Homewood trustees found themselves in a quandary during the July 24 board meeting. The topic at hand: whether or not to allow another hair salon to open up shop in downtown Homewood.
The dilemma is unusual for the typically business-friendly village, but an amendment passed in April of this year forced them to give the item extra thought. The amendment requires special use permits for certain businesses coming into the central business district. The need for a permit is intended to give the village more control over the economic diversity of the downtown area. Hair salons, in particular, are one type of business that the permit is trying to regulate.
Despite the odds against her, Shantel Houston applied for a special use permit to open Heavenly Hands Hair Studio in the 300-square-foot location to the rear of Burrito Express. The location, at 2010 Elm, was previously a hair salon, and a travel agency before that.
There was much discussion at a previous plan commission meeting, over the need for a business like Heavenly Hands, according to Homewood Community Development Director Paula Wallrich. The commission ultimately arrived at a vote of three to two, in favor of the salon. Their biggest concern, Wallrich said, was for the other 34 hair salons in the village, especially the 15 salons in the central business district alone. Wallrich says the commission was swayed in Houston’s favor after learning that 40 percent of her business is in restorative hair care—treatments for individuals who, for one reason or another, are losing their hair.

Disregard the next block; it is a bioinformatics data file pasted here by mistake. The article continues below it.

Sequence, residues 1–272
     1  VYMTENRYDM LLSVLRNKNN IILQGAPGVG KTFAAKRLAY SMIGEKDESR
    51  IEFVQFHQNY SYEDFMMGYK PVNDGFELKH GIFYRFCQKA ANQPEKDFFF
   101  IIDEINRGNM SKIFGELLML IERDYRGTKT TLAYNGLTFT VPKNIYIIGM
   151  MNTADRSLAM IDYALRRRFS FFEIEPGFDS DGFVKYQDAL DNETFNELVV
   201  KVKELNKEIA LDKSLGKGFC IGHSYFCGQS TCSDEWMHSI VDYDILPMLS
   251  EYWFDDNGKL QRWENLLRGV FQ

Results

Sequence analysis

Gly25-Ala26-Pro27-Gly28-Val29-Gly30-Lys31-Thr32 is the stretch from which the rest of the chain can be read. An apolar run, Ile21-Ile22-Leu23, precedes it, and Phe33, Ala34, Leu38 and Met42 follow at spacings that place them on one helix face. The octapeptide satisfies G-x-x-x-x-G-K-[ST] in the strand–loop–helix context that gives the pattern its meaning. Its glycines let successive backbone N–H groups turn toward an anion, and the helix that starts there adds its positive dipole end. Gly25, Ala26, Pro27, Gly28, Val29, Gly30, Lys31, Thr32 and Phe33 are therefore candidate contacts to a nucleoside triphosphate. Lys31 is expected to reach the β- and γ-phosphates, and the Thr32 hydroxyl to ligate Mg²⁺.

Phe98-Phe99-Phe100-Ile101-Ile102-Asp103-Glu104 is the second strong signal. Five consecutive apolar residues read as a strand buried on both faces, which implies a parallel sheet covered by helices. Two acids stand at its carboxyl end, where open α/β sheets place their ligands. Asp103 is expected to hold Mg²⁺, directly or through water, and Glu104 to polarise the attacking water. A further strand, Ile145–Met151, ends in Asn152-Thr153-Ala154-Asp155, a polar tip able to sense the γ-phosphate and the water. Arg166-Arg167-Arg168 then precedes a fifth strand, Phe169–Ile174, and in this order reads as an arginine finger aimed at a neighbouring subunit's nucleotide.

Trustee Barbara Dawkins was not enthused about the new salon. She said she wants to see retail come into the downtown area.
“We made this a special use for a reason … we have an overabundance of hair salons in the downtown area,” Dawkins said.
Trustee Lisa Purcell felt the board should be more discriminating in its choices for the location.
“We need to be picky. Do we just want to see a space filled? Or do we want to see the best use for that space?”
Trustee Anne Colton said she agrees with Dawkin’s and Purcell’s frustration in seeing another hair salon in town, but that wasn’t enough to affect her voting.
“I don’t disagree with what I’m hearing from Trustee Dawkins (and Purcell) … I’m a big believer in economic diversity,” Colton said. “It’s more of a philosophical issue for me. We live in a capitalistic democracy and it’s about letting the market place do what the market place does. As a board, I don’t know if it’s our job to pick who’s going to stay or who’s going to go. It’s a slippery slope that we’re going to be on because what’s that going to stop from turning into cronyism?”
Trustee Jay Heiferman quickly announced his support for the item during his time to talk. Between the service offered and the “off-the-main-drag” location, Heiferman says he does not think this is a situation dealing with prime real estate.
Trustee Ray Robertson agrees.
“If this was at the corner of Ridge and Dixie … I would not be supporting it. “I think the location has to be considered … I don’t even know what else would go in a space like that.”
Trustee Tom Kataras was absent for voting.
The board's final decision was three to two, in favor of approving the special use permit.